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Concept# Change detection

Summary

In statistical analysis, change detection or change point detection tries to identify times when the probability distribution of a stochastic process or time series changes. In general the problem concerns both detecting whether or not a change has occurred, or whether several changes might have occurred, and identifying the times of any such changes.
Specific applications, like step detection and edge detection, may be concerned with changes in the mean, variance, correlation, or spectral density of the process. More generally change detection also includes the detection of anomalous behavior: anomaly detection.
A time series measures the progression of one or more quantities over time. For instance, the figure above shows the level of water in the Nile river between 1870 and 1970. Change point detection is concerned with identifying whether, and if so when, the behavior of the series changes significantly. In the Nile river example, the volume of water changes significantly after a dam was built in the river. Importantly, anomalous observations that differ from the ongoing behavior of the time series are not generally considered change points as long as the series returns to its previous behavior afterwards.
Mathematically, we can describe a time series as an ordered sequence of observations . We can write the joint distribution of a subset of the time series as . If the goal is to determine whether a change point occurred at a time in a finite time series of length , then we really ask whether equals . This problem can be generalized to the case of more than one change point.
The problem of change point detection can be narrowed down further into more specific problems. In offline change point detection it is assumed that a sequence of length is available and the goal is to identify whether any change point(s) occurred in the series. This is an example of post hoc analysis and is often approached using hypothesis testing methods. By contrast, online change point detection is concerned with detecting change points in an incoming data stream.

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Related concepts (3)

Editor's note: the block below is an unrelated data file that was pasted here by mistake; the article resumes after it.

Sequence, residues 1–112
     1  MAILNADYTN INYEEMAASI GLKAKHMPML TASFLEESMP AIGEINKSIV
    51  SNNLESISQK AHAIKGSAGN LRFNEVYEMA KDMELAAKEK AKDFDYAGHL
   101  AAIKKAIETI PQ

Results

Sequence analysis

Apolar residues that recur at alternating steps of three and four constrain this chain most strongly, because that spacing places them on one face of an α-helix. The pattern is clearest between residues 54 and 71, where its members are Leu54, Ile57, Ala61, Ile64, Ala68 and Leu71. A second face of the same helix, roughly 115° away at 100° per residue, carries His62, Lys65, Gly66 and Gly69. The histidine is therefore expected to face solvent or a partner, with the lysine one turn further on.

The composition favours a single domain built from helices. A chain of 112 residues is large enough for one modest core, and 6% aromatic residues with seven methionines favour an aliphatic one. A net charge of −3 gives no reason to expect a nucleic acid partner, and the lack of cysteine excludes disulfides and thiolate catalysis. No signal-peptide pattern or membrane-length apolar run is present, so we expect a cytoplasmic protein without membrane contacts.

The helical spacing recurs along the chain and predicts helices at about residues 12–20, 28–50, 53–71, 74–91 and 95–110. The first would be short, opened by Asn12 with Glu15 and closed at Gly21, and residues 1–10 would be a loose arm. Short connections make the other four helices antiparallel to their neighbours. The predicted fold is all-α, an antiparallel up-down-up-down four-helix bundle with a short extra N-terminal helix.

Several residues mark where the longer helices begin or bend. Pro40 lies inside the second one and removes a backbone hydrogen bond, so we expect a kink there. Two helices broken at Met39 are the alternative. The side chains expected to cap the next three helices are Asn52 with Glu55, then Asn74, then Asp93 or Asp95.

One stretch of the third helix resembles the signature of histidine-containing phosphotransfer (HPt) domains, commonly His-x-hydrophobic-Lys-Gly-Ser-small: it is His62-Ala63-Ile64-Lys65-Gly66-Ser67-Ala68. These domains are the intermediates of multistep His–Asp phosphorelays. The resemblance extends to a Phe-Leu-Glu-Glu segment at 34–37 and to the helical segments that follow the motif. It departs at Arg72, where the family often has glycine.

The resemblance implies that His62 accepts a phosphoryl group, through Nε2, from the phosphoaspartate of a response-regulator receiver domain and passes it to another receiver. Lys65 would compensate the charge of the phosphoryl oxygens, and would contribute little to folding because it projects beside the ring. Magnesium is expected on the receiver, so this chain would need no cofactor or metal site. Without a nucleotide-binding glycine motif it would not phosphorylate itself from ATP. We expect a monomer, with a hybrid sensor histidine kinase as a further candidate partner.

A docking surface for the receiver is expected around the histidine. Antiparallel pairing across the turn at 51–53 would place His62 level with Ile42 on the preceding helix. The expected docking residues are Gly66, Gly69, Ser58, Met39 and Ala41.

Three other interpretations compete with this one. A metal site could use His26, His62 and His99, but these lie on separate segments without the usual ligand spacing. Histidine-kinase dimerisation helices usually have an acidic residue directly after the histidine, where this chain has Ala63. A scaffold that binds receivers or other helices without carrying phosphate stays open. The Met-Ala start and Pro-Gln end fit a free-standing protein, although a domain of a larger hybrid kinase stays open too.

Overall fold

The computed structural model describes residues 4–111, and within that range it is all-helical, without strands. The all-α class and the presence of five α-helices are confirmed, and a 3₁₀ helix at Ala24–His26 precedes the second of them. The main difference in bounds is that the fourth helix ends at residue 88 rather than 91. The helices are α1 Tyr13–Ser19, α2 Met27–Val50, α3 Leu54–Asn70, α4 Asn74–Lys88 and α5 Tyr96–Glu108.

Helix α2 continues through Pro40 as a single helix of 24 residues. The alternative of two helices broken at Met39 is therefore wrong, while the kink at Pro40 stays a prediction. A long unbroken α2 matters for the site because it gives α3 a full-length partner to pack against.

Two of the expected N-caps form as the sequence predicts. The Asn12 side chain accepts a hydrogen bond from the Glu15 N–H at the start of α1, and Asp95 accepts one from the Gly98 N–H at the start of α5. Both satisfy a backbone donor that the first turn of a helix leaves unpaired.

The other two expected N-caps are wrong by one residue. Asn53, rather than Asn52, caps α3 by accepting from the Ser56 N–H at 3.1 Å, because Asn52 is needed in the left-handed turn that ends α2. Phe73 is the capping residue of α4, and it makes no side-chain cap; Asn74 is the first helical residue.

Change detection

In statistical analysis, change detection or change point detection tries to identify times when the probability distribution of a stochastic process or time series changes. In general the problem concerns both detecting whether or not a change has occurred, or whether several changes might have occurred, and identifying the times of any such changes. Specific applications, like step detection and edge detection, may be concerned with changes in the mean, variance, correlation, or spectral density of the process.

CUSUM

In statistical quality control, the CUsUM (or cumulative sum control chart) is a sequential analysis technique developed by E. S. Page of the University of Cambridge. It is typically used for monitoring change detection. CUSUM was announced in Biometrika, in 1954, a few years after the publication of Wald's sequential probability ratio test (SPRT). E. S. Page referred to a "quality number" , by which he meant a parameter of the probability distribution; for example, the mean.

Time series

In mathematics, a time series is a series of data points indexed (or listed or graphed) in time order. Most commonly, a time series is a sequence taken at successive equally spaced points in time. Thus it is a sequence of discrete-time data. Examples of time series are heights of ocean tides, counts of sunspots, and the daily closing value of the Dow Jones Industrial Average. A time series is very frequently plotted via a run chart (which is a temporal line chart).

Related publications (7)

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